Monday, August 22, 2011

D.I.Y. Home-Canning or "Screw You, Vlasic!"

Yo yo yo, Friends and Fans, this X-Country Road and Farm Adventure Fun(d) Drive is rounding third and heading for home.  Nine days left to scoop up the remaining $520, and then it's Goodbye Pledge Central, Hello Road! Until then, there's work to be done.   

Fear is a huge part of our food culture. First time I canned spicy beans, I nibbled the end off one bean and immediately called my parents to warn them that I might be dead by morning.  "Don't cry, Ma," I said, "Botulism's as good a way to go as any."  I was in the dark and afraid.  Fear is rampant in our food culture, and the giant industrial food producers love it this way.  I'm not sure that The Man created this fear, but you can be pretty damn sure that he has zero interest in making you feel empowered.  He wants you to think that P**si and Chicken nuggs are safe and that home canning is demonic.  But it's the other way around.  Home canning is glorious and safe.  It's a helluva lot safer than driving.  Check out this video, and then keep reading. 

The Low-Down on canning high-acid foods:

You don't need any special equipment to can a few pints or quarts.  You only need a big pot, some mason jars, some canning salt (which you can find at any grocery store), and some tongs to lift the jars out of the pot.  You should also read up on home canning and use a recipe to make yourself feel more comfortable and confident with the process.  It's really about the confidence: the confidence that you can make your own pickled peppers, that you don't need a monolithic corporation to do it for you.  This is about wrestling power from greedy hands.  Here are some basic things to do:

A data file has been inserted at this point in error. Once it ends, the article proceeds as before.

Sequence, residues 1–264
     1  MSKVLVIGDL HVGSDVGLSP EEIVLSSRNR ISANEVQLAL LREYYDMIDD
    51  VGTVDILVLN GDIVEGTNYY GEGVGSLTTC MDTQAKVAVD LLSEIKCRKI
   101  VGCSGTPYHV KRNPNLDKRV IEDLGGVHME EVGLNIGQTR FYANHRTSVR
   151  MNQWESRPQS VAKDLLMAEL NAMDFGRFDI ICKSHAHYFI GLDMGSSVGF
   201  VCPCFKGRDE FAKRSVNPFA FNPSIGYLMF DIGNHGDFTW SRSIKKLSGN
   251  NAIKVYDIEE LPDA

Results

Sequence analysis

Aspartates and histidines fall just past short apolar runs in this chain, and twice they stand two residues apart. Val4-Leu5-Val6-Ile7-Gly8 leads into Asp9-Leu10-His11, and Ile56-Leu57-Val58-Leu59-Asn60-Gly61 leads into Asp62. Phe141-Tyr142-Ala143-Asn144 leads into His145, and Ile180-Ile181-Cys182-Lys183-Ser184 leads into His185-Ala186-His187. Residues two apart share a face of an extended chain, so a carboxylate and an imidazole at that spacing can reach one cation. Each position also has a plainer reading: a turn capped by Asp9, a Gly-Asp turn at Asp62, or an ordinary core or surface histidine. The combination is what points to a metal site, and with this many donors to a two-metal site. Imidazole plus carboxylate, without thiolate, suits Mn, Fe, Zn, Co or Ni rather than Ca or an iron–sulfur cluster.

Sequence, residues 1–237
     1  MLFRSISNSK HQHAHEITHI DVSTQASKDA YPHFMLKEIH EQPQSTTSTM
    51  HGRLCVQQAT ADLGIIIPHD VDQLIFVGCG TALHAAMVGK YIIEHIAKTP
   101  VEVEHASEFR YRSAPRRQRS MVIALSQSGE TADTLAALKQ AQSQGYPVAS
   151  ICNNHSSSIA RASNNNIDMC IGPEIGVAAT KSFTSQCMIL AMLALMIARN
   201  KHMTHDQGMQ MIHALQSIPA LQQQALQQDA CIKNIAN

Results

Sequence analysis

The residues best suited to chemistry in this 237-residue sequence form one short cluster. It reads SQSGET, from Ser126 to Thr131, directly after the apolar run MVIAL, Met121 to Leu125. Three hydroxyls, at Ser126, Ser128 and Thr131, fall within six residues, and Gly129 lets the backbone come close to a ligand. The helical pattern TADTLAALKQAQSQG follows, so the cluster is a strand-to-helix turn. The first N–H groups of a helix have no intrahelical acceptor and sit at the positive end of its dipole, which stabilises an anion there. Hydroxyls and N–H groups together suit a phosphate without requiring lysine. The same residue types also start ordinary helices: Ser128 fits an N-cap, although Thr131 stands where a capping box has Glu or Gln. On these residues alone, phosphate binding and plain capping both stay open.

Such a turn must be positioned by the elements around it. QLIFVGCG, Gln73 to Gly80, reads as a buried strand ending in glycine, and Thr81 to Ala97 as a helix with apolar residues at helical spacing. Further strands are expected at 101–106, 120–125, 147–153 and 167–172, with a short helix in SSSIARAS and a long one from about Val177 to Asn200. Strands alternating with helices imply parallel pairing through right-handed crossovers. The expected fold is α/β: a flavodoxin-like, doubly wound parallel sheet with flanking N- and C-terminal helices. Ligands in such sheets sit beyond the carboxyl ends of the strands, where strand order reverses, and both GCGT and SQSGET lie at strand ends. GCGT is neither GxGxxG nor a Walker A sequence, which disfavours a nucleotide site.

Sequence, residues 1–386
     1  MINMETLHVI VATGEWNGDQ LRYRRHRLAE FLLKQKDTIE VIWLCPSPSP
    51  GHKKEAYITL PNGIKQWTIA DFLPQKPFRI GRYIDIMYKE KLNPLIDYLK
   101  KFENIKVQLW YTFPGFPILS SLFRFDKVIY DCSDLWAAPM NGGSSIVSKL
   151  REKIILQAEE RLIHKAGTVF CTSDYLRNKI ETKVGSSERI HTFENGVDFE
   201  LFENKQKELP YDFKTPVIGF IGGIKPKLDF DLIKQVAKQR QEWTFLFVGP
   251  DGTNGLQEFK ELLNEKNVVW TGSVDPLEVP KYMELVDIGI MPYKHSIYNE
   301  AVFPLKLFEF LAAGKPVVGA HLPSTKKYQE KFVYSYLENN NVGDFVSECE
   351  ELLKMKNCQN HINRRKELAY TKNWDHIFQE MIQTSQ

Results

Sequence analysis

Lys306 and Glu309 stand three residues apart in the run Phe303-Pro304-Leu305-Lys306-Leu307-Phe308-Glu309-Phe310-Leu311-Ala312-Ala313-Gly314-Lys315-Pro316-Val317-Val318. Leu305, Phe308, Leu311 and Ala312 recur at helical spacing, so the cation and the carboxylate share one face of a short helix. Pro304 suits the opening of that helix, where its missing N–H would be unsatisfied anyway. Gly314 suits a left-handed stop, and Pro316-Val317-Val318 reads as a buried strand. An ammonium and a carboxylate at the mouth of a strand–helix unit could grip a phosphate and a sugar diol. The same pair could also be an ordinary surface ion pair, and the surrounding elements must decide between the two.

1) Do sterilize your jars and two-piece lids in boiling water for the required time 
2) Do follow the recipe, especially when it comes to vinegar-to-water ratio of your brine
3) Do "process" your stuffed jars for the required time
4) Do watch those lids:

If the lids suck down and stay down, you're in business. Processing the jars in boiling water causes gasses in the jars to spew out.  As the jars cool, a vacuum will be created inside the jar.  Yes, the botulism bacteria, Clostridium botulinum, does require an anaerobic environment, which is exactly what you create when you process the jars, which is why you should sterilize your jars and process them for the required amount of time, i.e. to kill any bacteria that might be present.  REMEMBER: the botulism bacteria must be present in the first place.  If there are live cultures in your jars, you will soon find out.  The bacteria will produce gas as a by-product of their existence in your jars, and thus the lids of your jars might bulge.  There is some risk.  THE REAL TRUTH, THOUGH, IS THAT THE PERCEIVED RISK OF HOME-CANNING IS MUCH HIGHER THAN THE ACTUAL RISK, ESPECIALLY WHEN YOU ARE CANNING HIGH-ACID FOODS.  It's this artificially high, perceived risk that the industrial food mofos want.  They want you to think that you can't can, because if you can't can, then you gotta buy their crap, and crap is what it is.  Between me an you, we all know that the megalithic food giants don't give a flying f**k about us or our health.


Sarah Reaves said...

I love this post and love to can my own stuff. So glad I found your blog. I have a post on my blog about making and canning grape jelly.

BJClikesHadleyjrHigh said...

Hello, my friend Joe Fitz has recently started canning and now I am thinking he is just taking it off this blog. I didn't know where this idea stemmed from but now I do.

This blog is FUNctional.